Was thinking in the weekend about places where I waste time, areas of inefficiency in my extremely well-ordered life (cough splutter).
One of the more obvious was bill handling. I receive paper bills during the month from the likes of Energy Australia, Sydney Water, David Jones, our local council for rates, etc. These all go into a pending file in the filing cabinet, in date order, and I then periodically check that file during the month and pay any bills that are coming due. If I get busy or forgetful I may miss a due date and pay a bill late. If a bill gets lost in the post I may not pay it at all. And the process is all dependent on me polling my billing file at some reasonable frequency.
There are variants to this process too. Some of my friends do all their bills once a month, and just queue the payments in their bank accounts for future payment on or near the due date. That's a lower workload system than mine, but for some (mostly illogical) reason I find myself not really trusting future-dated bill payments in the same way as immediate ones.
There's also a free (for users) service available in Australia called BPay View which allows you to receive your bills electronically directly into your internet banking account, and pay them from there. This is nice in that it removes the paper and data entry pieces of the problem, but it's still a pull model - I still have to remember to check the BPay View page periodically - and it's limited to vendors that have signed up for the program.
As I see it, there are two main areas of friction in this process:
using a pull model i.e. the process all being dependent on me remembering to check my bill status periodically and pay those that are coming due. My mental world is quite cluttered enough without having to remember administrivia like bills.
the automation friction around paper-based or PDF-based bills, and the consequent data entry requirements, the scope for user errors, etc.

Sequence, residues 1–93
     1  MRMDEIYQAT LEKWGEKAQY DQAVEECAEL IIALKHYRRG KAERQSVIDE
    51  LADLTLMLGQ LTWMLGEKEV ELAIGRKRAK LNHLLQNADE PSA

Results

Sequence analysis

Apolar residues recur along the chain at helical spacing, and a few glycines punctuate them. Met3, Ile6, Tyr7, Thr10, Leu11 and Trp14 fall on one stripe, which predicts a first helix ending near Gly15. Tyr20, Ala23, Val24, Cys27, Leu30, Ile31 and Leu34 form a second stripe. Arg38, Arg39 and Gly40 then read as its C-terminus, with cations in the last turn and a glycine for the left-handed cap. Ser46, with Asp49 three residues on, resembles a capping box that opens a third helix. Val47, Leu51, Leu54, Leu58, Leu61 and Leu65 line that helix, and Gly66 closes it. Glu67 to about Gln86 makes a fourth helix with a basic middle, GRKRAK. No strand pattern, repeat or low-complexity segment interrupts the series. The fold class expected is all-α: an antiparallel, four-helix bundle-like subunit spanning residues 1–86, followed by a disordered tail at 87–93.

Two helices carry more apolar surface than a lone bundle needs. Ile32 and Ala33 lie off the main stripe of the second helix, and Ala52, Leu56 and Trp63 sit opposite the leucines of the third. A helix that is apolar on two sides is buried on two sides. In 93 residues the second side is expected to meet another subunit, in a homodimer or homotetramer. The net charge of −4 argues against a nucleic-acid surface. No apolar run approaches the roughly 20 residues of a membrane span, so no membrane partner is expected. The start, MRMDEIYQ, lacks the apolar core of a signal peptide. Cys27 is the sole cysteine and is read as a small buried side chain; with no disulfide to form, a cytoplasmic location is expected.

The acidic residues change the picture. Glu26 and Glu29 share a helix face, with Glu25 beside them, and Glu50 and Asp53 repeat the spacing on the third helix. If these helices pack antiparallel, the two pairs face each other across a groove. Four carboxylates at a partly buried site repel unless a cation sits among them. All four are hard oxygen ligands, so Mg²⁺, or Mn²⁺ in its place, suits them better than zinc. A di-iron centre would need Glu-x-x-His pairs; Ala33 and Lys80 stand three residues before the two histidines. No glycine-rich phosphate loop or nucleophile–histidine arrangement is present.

BPay View mostly solves the second of these, but it's a solution that's closely coupled with your Internet Banking provider. This has security benefits, but it also limits you to your Internet Banking platform. For me, the first of these is a bigger issue, so I'd probably prefer a solution that was decoupled from my internet banking, and accept a few more issues with #2.
So here's what I want:
a billing service that receives bills from vendors on my behalf and enters them into its system. Ideally this is via email (or even a web service) and an XML bill attachment; in the real world it probably still involves paper bills and data entry for the short to medium term.
a flexible notification system that pushes alerts to me when bills are due based on per-vendor criteria I configure. This should include at least options like email, IM, SMS, twitter, etc. Notifications could be fire-once or fire-until-acknowledged, as the user chooses.
for bonus points, an easy method of transferring bills into my internet banking. The dumb solution is probably just a per-bill view from which I can cut and paste fields; smarter solutions would be great, but are probably dependent on the internet banking side. Or maybe we do some kind of per-vendor pay online magic, if it's possible to figure out the security side of not storing credit card info. Hmmm.
That sounds pretty tractable. Anyone know anything like this?blog comments powered by Disqus